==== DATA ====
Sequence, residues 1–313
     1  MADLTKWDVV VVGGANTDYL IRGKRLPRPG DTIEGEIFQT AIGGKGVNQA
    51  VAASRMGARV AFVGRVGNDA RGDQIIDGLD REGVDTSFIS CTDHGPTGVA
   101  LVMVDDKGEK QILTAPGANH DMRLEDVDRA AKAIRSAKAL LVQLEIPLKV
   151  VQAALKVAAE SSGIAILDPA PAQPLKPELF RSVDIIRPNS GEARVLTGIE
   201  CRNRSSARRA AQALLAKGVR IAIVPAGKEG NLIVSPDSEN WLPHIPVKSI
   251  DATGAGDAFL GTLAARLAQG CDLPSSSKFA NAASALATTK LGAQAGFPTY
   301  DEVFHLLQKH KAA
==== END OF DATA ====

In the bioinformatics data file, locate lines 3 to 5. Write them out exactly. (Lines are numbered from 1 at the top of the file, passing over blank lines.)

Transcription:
    51  VAASRMGARV AFVGRVGNDA RGDQIIDGLD REGVDTSFIS CTDHGPTGVA
   101  LVMVDDKGEK QILTAPGANH DMRLEDVDRA AKAIRSAKAL LVQLEIPLKV
   151  VQAALKVAAE SSGIAILDPA PAQPLKPELF RSVDIIRPNS GEARVLTGIE